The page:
Helping your daughter or son

So you and your daughter/son have finally made it! All the hard work over years has finally paid off - s/he is now in college! Congratulations! This is a most exciting time for everyone, with much change and adjustment. As is the case with any new experience, having your daughter or son go to college can be quite stressful.

Along with the excitement of a new, important change, can come anxiety, worry, and questions about many things.

We at Counseling Services recognize that these concerns are common to many parents and family members. We hope this page will provide some helpful answers to these important questions.

How is my daughter/son doing?

During any particular day or week, your son or daughter may seem to be handling everything wonderfully. You may wonder, "Why was I so concerned?" Then again, the next time you talk to him or her, they might paint a completely different picture. "I hate it here!" "I don't have what it takes." "I'm not like the other students." These are very common concerns and feelings expressed by students. Just keep in mind that with any change, there is always a period of adjustment. And with adjustment, there may be both excitement and distress. Remind your daughter/son that these are common feelings, and share with them how their exisiting strengths will help them get through this period of adjustment.

How can I tell if my daughter/son is in distress?

As mentioned, there is a normal period of adjustment to college that includes both excitement and stress. Sometimes this adjustment can be as long as 6 months to a year. However, if over time you notice that your daughter or son is not coping well (e.g., is not acting like her/his "normal self," grades are declining, withdrawal from family and friends), you may considering suggesting that she/he seek assistance from a counselor at Counseling Services.

How am I doing with the change?

It is not uncommon for parents to experience the well known "empty nest" syndrome when their daughter/son leaves for college. They may have feelings of sadness, loss of control, and concern for what their children may be exposed to at an urban art college.

At the same time, many parents may feel conflicted when these feelings are mixed with excitement that comes with possibly having more independence and time. It is common to feel a wide range of emotions with this new change - from happy to sad. As is the case with your daughter/son, the adjustment to change can be difficult and may take some time.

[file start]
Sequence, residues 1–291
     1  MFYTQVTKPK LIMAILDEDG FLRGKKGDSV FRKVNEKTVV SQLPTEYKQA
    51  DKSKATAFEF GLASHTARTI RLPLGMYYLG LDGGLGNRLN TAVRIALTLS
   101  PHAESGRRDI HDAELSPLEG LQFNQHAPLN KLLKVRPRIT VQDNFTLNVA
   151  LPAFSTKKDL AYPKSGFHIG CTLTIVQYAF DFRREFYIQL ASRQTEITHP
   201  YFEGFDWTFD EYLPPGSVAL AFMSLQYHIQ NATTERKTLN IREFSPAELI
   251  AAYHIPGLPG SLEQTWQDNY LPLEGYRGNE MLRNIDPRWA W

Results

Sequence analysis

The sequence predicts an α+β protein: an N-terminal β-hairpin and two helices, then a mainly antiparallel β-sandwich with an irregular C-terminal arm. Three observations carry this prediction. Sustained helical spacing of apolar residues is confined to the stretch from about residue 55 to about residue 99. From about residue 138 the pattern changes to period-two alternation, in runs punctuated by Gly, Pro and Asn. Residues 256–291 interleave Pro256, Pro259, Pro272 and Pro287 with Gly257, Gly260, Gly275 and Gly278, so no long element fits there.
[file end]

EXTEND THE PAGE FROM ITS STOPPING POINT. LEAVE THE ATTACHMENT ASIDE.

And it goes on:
What can I expect over the next few years?

Parents are evolving their relationship as your adolescents began to emerge as young adults. This is an new and important way of connecting with him/her as it recognizes the transition to adulthood. You can convey to your daughters/sons that you are aware of, and appreciate this transition, as well as providing opportunities to relate to them in new ways. Parents can consider developing an adult relationship with their daughter/son. This is a new and important way of connecting with her/him, as it recognizes and acknowledges the transition of your student from child to adult. This will convey to your daughter/son that you are aware and appreciate this transition, as well as provide opportunities to relate to them in new ways. As they transition to adulthood, keep in mind that your daughter or son may not want to share every detail of their lives with you at all times. Though this may not be what you would like or are used to, it is actually developmentally appropriate as your student gains a greater sense of identity and self.

How can I provide support for my student?

Providing support now will not be drastically different from how you have been doing it. Listening, communicating, and sharing are all important ingredients in letting your student know you care. Relaying these messages in a way that acknowledges the adult-to-adult relationship can build an even stronger bond. Again, keep in mind that at times they may not want to share everything with you - this is normal. But making sure they know that you care is the key (e.g., sharing your views on difficult topics, providing encouragement during times of stress, etc.). A balance of advice, encouragement, independence, and room to make mistakes can be important in conveying our support AND respect.

Though your daughter or son may not request it, it is important that you keep in touch. Have a plan for keeping in touch. Phone calls, e-mails, pictures of special events (both at school and family fun) may be some of the nice things you can do for each other to show you may be out of sight but not out of mind.

What resources are available for me and my daughter/son?

There are many resources available to you and your daughter or son. It is helpful for parents to be familiar with our services at Counseling Services, as well as at MassArt. The Academic Resource Center offers information and advising that compliments faculty advising. Questions regarding graduation and degree requirements, leave policies and discussions of academic problems or issues can be explored here 617-879-7280.

Also available in the Academic Resource Center is consultation with a learning specialist for academic accomodations, tutoring, and coaching. Call 617-879-7958 for more information.

If you have any questions, you can contact Counseling Services at (617) 879-7760 or counseling@massart.edu.

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